Summary: Appears in Proceedings of 8th International Conference on Principles of Distributed Systems (OPODIS 2004)
Sentries and Sleepers in Sensor Networks
Mohamed G. Gouda½, Young-ri Choi½, and Anish Arora¾
Department of Computer Sciences, The University of Texas at Austin,
1 University Station C0500, Austin, TX 78712-0233, U.S.A.
gouda, yrchoi @cs.utexas.edu
Department of Computer and Information Science, The Ohio State University,
2015 Neil Avenue, Columbus, OH 43210-1277, U.S.A.
Abstract. A sensor is a battery-operated small computer with an antenna and a sensing board that can sense
magnetism, sound, heat, etc. Sensors in a network can use their antennas to communicate in a wireless fashion
by broadcasting messages over radio frequency to neighboring sensors in the same network. In order to lengthen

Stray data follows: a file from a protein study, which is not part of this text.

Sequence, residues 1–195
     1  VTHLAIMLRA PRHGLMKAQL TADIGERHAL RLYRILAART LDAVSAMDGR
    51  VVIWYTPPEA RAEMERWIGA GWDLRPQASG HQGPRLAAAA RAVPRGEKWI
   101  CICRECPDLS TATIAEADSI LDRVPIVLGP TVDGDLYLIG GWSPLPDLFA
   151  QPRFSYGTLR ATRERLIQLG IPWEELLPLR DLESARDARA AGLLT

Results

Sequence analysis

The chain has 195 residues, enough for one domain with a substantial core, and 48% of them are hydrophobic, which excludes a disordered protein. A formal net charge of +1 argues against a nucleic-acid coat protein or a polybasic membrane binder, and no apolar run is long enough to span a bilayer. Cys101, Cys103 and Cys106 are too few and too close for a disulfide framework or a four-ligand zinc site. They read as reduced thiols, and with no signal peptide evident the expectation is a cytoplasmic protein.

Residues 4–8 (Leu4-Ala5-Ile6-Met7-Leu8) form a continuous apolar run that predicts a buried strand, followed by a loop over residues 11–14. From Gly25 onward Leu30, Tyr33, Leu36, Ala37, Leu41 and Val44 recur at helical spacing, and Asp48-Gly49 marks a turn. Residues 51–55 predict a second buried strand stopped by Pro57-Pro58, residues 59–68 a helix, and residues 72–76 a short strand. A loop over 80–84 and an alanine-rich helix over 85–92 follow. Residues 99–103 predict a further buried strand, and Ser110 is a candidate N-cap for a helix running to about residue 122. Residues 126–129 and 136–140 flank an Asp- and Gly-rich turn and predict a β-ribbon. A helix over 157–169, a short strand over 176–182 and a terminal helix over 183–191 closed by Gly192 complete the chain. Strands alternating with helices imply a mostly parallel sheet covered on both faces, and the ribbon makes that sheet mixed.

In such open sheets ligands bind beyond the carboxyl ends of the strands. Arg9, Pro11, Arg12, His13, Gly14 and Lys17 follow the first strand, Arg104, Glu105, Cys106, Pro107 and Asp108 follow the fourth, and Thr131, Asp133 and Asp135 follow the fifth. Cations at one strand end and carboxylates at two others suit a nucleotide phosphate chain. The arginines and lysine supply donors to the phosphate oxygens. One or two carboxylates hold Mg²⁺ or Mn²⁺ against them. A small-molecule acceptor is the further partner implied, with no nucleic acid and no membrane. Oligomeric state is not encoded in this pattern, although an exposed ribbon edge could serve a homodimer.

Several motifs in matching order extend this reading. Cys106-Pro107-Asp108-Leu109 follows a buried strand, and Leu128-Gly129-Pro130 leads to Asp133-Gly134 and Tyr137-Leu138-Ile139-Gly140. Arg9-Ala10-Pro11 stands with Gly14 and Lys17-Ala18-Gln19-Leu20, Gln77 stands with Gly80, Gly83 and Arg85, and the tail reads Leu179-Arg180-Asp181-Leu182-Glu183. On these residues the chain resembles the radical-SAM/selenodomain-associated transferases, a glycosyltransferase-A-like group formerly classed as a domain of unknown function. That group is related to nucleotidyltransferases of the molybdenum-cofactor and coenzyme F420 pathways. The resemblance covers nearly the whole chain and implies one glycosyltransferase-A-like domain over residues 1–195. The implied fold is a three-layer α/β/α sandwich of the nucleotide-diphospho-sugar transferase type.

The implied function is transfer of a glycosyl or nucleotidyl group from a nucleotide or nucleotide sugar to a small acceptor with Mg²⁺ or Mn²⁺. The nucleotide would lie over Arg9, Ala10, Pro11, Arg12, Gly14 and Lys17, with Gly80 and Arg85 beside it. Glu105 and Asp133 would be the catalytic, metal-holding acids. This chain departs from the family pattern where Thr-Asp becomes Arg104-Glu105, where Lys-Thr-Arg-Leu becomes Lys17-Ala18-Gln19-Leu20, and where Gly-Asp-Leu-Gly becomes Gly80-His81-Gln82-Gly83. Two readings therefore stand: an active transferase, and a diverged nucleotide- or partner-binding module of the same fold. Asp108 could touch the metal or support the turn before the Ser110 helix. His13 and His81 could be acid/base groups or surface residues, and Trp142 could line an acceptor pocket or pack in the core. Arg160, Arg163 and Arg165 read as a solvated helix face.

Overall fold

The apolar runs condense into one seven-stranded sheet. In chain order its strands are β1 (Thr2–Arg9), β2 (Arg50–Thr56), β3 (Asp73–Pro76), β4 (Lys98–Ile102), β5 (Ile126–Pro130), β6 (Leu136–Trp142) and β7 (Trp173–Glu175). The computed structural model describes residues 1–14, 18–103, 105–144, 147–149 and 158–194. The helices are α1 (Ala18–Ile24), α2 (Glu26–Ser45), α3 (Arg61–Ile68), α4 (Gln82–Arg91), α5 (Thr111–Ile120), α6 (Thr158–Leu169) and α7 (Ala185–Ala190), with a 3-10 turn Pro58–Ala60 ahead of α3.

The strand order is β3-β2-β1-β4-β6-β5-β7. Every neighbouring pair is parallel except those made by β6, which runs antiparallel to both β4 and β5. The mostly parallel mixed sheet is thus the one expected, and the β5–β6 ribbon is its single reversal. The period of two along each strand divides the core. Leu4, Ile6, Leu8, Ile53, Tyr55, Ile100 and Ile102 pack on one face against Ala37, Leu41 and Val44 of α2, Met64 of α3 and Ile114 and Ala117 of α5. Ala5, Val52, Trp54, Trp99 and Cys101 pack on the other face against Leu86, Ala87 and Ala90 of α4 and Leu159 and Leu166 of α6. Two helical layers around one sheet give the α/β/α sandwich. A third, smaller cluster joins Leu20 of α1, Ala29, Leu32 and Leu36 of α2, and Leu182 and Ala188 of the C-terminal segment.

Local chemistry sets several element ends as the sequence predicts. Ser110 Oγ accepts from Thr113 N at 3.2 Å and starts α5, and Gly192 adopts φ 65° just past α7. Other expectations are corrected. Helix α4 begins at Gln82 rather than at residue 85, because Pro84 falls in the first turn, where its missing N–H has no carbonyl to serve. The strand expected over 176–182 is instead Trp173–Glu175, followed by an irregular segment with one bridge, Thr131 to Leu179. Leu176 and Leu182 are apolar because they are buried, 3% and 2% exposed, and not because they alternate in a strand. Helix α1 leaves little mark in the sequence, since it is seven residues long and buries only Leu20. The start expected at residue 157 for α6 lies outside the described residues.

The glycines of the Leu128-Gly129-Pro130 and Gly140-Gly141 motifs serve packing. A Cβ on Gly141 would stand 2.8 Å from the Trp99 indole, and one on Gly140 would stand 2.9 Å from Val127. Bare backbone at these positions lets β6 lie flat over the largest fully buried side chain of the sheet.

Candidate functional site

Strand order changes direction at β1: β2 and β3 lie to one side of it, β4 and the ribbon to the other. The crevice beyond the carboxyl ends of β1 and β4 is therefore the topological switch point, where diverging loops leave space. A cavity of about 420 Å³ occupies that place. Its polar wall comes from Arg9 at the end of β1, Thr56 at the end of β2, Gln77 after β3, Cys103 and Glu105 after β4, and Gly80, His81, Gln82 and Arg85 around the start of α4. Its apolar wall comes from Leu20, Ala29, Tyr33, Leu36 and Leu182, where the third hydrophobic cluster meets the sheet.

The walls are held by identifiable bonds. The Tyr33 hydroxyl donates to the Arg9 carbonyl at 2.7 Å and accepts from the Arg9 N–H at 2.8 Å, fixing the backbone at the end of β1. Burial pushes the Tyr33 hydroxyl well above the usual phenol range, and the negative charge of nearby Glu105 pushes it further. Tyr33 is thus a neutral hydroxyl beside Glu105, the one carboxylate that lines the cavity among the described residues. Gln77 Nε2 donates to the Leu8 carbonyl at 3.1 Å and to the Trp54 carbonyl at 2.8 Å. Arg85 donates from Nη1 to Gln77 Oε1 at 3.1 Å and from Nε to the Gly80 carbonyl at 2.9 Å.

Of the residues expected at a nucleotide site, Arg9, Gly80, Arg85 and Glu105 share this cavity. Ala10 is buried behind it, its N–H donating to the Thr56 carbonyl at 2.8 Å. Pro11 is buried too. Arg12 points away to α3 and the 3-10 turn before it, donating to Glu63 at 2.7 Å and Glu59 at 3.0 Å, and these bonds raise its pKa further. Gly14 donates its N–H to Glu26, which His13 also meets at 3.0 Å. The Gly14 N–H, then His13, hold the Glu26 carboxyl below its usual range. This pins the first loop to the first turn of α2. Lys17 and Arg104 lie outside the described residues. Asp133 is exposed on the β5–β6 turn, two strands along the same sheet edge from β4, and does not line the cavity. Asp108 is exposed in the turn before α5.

the relatively short lifetime of sensor batteries, each sensor in a network can be replaced by a group of ̉ sen-
sors, for some ̉ 2. The group of ̉ sensors act as one sensor, whose lifetime is about ̉ times that of a regular
sensor as follows. For a time period, only one sensor in the group, called sentry, stays awake and performs all
the tasks assigned to the group, while the remaining sensors, called sleepers, go to sleep to save their batteries.
At the beginning of the next time period, the sleepers wake up, then all the sensors in the group elect a new
sentry for the next time period, and the cycle repeats. In this paper, we describe a practical protocol that can